WNCC offers new programs
What Western Nevada Community College has to offer employers and potential employees was the topic at the Douglas WNCC Advisory Committee meeting Wednesday.
First on the agenda was Bus Scharmann, Douglas dean, who explained the new certificates of completion program being piloted at the Douglas campus in August.
Called “The First Step,” Scharmann said the certificate program is designed to get students certified quickly for certain job skills. Students can work as well as attend classes, and within two or three semesters they will be able to earn a certificate that can be shown to an employer.
“The grades can be typed on the back, and the employer can even see what the student earned,” Scharmann said.
Brochures for the new program will be available July 1 at various places in the community, including the Douglas center office, located in Mountain View Professional building in Gardnerville on Highway 395 or call 782-2413.
Scharmann said the fall class schedule also should be ready July 1. Scheduled classes have increased about 12 percent, showing that more daytime classes will begin to be offered here because of the new campus.
Classes are slated to begin Aug. 27.
Brochures for the certificate of completion program plus class schedules will be available at the open house, which will be held from 11 a.m. until early evening Aug. 21. The public is invited.
WNCC’s Mike Hill, director of school-to-work, told WNCC advisory committee members how students in high school can earn college credit in several programs, including the tech-prep program that has been offered at Douglas High School for some years.
The cooperative work program gives work experience to people who have never worked so that they may find a job that requires experience. This is especially helpful for displaced homemakers or single parents, Hill said.
Other programs he discussed were the small apprenticeship program for ex-felons and a job services unit.
Hill said that for students who do not attend a four-year university, post-secondary education is important to prepare them for life after high school.
“About 90 percent of future jobs require some post-secondary training or education,” he said.
In addition, he said, the national school-to-careers movement is leaning toward getting students out of high school prepared to enter life. Criticism has been aimed at what U.S. high school graduates are really ready for.
The goal now, he said, is connecting education and employment.
“We need to get students thinking about what they are going to do later on and how to get prepared.”
More and more popular will be programs where high school students can earn college credit while still in high school, whether in academic or vocational programs. Several classes offered at Douglas and Whittell high schools offer dual credit.
Hill said the new certificates of completion will fit well into the school-to-career program.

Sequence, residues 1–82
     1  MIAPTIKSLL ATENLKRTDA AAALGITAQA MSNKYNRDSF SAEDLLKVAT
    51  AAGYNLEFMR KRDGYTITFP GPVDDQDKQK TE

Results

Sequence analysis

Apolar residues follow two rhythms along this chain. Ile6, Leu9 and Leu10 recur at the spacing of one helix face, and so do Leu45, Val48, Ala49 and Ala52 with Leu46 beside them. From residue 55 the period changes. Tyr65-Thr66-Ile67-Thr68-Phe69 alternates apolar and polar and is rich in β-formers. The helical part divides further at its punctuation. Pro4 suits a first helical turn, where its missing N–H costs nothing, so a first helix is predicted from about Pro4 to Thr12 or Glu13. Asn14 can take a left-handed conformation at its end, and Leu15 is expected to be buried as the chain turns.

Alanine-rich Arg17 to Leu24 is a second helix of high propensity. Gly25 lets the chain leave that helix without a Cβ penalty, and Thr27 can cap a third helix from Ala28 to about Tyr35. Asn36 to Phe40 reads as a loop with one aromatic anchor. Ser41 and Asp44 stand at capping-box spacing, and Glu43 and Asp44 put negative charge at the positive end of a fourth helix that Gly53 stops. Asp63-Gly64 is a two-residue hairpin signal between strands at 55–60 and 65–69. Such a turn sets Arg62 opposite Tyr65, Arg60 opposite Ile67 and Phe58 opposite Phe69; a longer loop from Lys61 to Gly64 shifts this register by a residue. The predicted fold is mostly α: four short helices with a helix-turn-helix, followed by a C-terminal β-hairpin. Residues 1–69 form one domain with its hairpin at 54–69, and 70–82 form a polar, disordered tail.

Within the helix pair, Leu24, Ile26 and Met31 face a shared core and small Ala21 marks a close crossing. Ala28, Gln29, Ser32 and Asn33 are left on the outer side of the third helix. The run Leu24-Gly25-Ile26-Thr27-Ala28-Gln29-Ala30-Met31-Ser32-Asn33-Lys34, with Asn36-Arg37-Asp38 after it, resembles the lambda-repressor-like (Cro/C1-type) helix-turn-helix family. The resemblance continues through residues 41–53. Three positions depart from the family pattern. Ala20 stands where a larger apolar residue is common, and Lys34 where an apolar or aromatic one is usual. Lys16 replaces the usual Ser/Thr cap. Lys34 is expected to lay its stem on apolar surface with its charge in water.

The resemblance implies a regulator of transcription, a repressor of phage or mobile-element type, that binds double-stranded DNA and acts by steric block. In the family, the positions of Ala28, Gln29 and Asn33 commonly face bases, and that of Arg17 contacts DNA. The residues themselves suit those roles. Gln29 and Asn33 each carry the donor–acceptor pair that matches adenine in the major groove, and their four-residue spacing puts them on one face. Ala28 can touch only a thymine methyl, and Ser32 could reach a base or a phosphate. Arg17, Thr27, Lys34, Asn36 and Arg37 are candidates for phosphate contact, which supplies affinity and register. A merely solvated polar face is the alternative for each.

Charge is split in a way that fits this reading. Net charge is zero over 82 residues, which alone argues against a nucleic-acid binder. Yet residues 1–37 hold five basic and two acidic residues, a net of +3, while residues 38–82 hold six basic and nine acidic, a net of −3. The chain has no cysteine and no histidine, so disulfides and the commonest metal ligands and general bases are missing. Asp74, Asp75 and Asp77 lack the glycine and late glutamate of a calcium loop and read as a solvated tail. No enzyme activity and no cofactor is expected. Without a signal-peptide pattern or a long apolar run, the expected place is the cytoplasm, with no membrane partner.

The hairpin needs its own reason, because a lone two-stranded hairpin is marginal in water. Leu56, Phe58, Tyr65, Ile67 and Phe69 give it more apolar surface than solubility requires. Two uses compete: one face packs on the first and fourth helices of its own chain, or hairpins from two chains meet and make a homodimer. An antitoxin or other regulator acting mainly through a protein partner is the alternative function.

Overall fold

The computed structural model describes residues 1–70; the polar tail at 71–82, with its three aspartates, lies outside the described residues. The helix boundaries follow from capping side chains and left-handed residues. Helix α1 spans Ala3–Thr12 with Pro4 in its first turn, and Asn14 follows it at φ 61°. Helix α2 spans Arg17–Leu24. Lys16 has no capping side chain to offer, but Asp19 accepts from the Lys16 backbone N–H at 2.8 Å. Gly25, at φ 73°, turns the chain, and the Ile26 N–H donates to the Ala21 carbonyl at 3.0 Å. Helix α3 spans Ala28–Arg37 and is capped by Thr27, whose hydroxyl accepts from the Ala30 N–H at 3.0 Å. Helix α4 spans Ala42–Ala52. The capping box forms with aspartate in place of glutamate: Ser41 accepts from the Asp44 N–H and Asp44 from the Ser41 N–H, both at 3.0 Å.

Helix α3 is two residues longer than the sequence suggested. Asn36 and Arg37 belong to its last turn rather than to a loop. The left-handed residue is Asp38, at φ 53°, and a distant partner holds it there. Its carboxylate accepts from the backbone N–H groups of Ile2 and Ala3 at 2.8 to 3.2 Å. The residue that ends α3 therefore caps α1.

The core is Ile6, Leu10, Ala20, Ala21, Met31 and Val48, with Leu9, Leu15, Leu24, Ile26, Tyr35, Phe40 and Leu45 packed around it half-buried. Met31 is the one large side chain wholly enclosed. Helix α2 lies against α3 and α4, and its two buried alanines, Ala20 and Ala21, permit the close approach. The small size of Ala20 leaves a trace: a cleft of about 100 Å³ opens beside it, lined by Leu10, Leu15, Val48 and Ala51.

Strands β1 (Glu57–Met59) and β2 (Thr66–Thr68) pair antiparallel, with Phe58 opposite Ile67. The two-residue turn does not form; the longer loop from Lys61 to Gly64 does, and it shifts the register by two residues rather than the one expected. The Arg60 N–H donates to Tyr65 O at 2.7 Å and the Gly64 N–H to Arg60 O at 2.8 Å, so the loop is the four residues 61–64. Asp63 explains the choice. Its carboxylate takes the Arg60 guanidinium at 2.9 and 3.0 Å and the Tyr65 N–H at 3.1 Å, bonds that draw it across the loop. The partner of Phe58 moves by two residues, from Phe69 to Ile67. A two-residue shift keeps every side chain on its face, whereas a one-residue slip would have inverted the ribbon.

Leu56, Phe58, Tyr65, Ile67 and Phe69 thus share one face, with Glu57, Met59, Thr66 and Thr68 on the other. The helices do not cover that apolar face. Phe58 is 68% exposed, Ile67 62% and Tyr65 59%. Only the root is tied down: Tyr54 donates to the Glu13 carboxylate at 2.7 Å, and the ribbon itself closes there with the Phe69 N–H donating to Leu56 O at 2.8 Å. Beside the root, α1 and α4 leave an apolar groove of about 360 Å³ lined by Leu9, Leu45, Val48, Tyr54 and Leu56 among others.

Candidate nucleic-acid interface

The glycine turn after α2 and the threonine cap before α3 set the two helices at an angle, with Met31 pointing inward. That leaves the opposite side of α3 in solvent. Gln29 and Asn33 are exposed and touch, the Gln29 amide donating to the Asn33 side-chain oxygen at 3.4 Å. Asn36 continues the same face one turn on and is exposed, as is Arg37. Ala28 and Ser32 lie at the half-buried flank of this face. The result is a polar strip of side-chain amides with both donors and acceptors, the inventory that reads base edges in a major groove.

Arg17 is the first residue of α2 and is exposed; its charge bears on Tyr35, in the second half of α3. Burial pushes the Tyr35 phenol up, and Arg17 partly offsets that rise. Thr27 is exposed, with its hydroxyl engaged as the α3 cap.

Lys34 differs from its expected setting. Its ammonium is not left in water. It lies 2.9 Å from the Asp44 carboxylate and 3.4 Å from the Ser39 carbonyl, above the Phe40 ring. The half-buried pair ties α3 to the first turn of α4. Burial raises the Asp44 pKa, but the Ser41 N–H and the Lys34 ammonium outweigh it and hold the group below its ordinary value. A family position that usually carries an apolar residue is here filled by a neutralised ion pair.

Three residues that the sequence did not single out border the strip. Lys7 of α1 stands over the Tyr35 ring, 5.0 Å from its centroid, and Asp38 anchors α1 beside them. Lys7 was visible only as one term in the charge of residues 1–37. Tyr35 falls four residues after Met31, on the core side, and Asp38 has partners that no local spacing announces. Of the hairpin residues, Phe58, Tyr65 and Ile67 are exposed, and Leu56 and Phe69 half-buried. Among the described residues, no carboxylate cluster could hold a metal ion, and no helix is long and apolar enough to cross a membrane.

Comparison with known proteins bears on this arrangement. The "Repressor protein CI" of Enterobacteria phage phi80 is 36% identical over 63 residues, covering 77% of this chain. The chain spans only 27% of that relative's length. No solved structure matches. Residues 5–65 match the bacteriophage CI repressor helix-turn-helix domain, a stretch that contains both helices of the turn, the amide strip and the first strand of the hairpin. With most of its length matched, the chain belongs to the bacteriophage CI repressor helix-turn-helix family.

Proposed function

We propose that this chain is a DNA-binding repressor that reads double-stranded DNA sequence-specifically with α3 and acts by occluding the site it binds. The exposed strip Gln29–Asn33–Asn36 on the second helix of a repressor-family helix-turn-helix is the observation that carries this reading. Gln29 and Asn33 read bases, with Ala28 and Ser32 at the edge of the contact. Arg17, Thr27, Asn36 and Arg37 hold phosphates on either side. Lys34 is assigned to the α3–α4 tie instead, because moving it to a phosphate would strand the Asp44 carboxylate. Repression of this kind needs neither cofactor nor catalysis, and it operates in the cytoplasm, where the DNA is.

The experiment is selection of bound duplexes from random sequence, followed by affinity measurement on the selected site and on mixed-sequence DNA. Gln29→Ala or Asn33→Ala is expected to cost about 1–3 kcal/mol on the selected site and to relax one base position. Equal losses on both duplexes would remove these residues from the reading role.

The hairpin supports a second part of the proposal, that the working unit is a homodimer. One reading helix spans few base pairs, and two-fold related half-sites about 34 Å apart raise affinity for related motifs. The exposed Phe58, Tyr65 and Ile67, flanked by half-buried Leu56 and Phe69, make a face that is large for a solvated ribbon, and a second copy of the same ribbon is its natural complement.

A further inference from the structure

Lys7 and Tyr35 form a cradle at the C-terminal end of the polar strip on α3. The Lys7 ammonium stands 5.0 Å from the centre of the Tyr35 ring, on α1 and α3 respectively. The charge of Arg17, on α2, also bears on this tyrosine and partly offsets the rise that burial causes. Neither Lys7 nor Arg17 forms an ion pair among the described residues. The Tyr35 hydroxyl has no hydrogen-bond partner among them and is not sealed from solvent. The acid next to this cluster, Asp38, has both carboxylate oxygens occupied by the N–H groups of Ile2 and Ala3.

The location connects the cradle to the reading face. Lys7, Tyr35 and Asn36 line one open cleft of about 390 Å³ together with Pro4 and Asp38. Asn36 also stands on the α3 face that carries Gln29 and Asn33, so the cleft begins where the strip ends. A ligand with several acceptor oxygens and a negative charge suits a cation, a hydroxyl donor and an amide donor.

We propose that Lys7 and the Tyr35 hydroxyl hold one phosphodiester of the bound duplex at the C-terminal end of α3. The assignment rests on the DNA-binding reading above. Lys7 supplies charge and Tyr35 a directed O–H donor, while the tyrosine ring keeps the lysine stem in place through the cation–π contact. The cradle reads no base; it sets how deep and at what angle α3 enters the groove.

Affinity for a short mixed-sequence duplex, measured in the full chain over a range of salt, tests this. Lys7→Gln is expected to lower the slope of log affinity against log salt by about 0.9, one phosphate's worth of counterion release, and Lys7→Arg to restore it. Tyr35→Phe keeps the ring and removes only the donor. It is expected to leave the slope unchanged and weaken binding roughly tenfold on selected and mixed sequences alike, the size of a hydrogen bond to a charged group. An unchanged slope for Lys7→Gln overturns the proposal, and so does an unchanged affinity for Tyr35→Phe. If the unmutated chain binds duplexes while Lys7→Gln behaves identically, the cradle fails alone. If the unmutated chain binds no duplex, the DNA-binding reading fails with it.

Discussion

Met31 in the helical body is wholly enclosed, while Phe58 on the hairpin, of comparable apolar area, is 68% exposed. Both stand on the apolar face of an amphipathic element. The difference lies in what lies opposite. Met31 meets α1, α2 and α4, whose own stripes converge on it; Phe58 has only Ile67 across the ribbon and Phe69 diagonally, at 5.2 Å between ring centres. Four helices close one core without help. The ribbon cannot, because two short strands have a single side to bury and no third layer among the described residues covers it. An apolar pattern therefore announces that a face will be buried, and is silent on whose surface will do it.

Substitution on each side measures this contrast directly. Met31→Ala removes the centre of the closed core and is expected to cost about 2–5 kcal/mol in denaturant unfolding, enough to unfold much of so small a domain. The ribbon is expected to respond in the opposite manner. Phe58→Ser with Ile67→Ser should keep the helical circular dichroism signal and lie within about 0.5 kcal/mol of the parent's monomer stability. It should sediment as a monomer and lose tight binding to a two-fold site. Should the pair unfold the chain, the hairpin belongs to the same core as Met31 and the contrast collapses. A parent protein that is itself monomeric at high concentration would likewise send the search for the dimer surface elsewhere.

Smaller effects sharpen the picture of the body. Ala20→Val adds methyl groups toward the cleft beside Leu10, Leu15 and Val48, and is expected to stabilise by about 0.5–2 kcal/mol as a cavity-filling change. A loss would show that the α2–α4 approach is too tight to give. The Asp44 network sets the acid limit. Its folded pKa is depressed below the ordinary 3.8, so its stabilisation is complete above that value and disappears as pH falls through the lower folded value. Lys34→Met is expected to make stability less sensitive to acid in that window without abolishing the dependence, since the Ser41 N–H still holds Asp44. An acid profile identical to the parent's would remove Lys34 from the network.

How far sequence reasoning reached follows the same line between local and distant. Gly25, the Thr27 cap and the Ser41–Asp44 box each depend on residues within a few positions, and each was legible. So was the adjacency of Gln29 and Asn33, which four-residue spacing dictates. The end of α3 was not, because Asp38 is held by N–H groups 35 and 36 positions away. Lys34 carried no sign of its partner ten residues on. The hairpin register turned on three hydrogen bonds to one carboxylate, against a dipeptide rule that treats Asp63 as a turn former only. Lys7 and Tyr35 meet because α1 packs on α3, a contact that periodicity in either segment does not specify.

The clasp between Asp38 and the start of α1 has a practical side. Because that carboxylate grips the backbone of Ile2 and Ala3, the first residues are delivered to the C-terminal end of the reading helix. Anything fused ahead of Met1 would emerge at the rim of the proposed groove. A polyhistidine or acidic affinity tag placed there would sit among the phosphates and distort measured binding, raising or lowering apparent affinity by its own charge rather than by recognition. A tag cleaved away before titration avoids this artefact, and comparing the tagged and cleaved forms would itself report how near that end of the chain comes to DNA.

He also emphasized that WNCC will not relax academic standards, and vocational students will have to take English and math.
Vicki Hafen-Scott, the WNCC Douglas advisory committee chair, said that the survey done in Douglas last year in preparation to setting up the certificate of completion program emphasized that employers want employees who understand math and can communicate well.
“Everyone felt that these were basic skills,” she said.
Jerry Barbee, dean of applied science and technology at WNCC and a Douglas resident, spoke of how the college attempts to provide specific programs that benefit area employers.
“If someone comes to us and says, ‘We need this,'” Barbee said. “We’ll provide instruction.”
Barbee described several programs that have been successful in training employees for WNCC service area businesses and manufacturers.
“We feel we’re successful,” he said. “The employment rate is high.”
Employers, employees and students are all saying, he added, that they want shorter term classes, weekend classes or intense one-week classes.
He explained the concept of open entry and exit, in which a student may just take a part of instruction that he or she needs and not stay for an entire semester. The student can earn one credit and learn the skills needed.
A recent survey of students at WNCC showed that 85 percent of them wanted to take classes to get a job or get a better job. And most of them worked as they took classes.
Barbee described a construction technology class that will be taught in conjunction with WNCC and the Douglas County School District at China Spring Youth Camp. Students will earn both high school and college credit. The project is expected to start in August.
The Douglas advisory committee is made up of Valley and Lake residents who have been asked by WNCC President Jim Randolph to advise the college on the kinds of curriculum the community wants to see offered at the Douglas campus.